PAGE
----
With residential real estate values rising quite substantially in most parts of the country over the last few years, many homeowners are seeing a major increase in their family’s wealth as equity continues to build in their house.
A recent study by the Joint Center of Housing Studies at Harvard University revealed that home equity grew nicely last year and has grown dramatically over the last five years…
Buyers looking today may not see the same build-up in equity but could still do quite well.
Let’s assume you went into contract in the next six weeks and closed on a $250,000 home in January. If we take the house value projections from the last Home Price Expectation Survey, here is how your equity would grow over the next four years:
Homeownership has historically been a great way for the average American family to build wealth over time.
The retro look has become tremendously popular and I love it. This is the furniture of my youth and to be honest, it was very comfortable but not “homey.” I am seeing more and more of the younger generation opt for a clean, crisp look of Mid-century modern furniture with a reduction of cluttered living spaces. It’s pretty groovy.
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A recent article that appeared on Nasdaq.com addressed the issue of whether it is best to buy or rent in today’s real estate environment. The article was very fair in discussing both options.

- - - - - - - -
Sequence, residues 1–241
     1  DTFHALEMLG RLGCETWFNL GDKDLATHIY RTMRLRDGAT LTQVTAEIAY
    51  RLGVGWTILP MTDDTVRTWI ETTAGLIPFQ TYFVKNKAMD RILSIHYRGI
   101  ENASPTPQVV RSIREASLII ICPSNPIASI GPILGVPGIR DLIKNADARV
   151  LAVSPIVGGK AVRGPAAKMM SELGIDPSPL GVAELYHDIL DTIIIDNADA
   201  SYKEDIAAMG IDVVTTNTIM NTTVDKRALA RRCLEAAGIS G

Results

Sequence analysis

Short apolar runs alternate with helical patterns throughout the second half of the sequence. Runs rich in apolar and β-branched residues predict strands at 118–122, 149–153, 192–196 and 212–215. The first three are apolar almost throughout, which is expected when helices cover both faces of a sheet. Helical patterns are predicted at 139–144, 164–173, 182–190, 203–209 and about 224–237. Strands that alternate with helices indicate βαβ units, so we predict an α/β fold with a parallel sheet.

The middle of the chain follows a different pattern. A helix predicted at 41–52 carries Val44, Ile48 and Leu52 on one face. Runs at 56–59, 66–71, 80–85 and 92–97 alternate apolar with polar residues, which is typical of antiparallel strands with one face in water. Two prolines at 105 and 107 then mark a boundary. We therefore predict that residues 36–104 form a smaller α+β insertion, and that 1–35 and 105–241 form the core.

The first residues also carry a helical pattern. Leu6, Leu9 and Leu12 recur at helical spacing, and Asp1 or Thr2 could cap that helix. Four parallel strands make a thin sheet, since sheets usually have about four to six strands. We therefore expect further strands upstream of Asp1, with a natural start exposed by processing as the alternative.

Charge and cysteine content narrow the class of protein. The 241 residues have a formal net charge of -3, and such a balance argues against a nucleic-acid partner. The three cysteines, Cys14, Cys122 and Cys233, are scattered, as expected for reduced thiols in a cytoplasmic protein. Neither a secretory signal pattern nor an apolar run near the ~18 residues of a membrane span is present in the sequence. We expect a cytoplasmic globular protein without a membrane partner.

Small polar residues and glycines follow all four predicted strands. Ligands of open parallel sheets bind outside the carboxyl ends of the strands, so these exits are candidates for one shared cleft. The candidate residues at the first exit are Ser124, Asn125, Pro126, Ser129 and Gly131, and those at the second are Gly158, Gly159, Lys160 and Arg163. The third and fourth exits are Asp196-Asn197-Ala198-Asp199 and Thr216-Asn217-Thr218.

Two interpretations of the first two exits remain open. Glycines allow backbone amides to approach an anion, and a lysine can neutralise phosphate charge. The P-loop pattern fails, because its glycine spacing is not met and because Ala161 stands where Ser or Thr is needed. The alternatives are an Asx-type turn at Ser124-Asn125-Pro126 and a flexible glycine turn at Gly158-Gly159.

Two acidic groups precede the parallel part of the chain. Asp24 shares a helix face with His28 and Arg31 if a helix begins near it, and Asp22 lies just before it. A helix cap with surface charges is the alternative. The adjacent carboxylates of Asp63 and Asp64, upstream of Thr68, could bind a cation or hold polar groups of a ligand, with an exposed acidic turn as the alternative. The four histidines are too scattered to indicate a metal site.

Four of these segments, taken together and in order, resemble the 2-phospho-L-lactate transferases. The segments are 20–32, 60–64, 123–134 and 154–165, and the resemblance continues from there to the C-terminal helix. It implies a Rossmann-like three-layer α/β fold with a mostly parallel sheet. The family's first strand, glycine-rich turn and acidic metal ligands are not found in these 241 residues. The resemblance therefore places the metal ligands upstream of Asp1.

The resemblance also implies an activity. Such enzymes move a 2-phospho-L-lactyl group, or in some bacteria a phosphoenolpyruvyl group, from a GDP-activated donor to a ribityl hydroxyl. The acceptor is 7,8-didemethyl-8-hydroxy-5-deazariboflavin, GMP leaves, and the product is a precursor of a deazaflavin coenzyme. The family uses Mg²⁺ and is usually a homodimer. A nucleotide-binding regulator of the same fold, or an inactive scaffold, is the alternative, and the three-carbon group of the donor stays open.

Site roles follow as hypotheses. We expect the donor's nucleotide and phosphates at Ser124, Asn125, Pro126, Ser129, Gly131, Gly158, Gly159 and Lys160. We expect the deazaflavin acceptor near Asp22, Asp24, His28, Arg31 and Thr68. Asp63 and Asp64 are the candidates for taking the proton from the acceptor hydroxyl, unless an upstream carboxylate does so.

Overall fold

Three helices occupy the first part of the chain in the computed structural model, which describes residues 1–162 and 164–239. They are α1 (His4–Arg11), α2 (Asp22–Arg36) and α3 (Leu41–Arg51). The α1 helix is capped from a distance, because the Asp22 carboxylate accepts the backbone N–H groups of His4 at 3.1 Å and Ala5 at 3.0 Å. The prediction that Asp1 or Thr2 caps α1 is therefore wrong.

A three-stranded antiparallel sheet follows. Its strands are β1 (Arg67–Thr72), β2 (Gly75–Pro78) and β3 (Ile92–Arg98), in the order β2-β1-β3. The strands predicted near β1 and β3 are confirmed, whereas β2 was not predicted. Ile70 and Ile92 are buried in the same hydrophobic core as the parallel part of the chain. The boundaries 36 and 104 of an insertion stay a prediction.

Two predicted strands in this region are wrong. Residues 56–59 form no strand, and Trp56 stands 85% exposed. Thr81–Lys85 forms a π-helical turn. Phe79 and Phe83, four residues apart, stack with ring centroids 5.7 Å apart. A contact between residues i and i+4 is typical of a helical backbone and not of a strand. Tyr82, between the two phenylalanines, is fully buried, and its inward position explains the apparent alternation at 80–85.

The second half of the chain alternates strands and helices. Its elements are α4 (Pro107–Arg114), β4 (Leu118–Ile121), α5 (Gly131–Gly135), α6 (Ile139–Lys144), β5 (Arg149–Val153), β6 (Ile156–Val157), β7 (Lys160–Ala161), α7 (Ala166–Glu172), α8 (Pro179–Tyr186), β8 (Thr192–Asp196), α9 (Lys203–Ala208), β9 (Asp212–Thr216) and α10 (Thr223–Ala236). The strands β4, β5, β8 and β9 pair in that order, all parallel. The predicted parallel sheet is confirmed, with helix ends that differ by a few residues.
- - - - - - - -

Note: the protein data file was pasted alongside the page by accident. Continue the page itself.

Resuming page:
However, there was one portion of the article that we questioned. One of the experts was quoted as saying:
“For some people, the choice is very clear: Buying a home can be more costly, given the cost of the purchase itself, plus taxes and insurance, plus maintenance and repairs.”
This argument is often made in defense of renting. However, we don’t believe it makes logical sense. They claim that, as a renter, you won’t have the expenses of “taxes and insurance, plus maintenance and repairs”. Do they really believe that the landlord pays all those expenses for their tenants?
The vast majority of landlords own rentable real estate as a form of investment. As any other investor would, they expect to make a return on that investment (ROI) – otherwise known as profit. In order to make a profit, the landlord needs to include EVERY expense they incur into the rent…AND THEN ADD A PROFIT MARGIN!!
We think it is incorrect to advise a prospective renter that they won’t have the same expenses that a homeowner would have. They just pay those expenses to a landlord with a “premium” built in.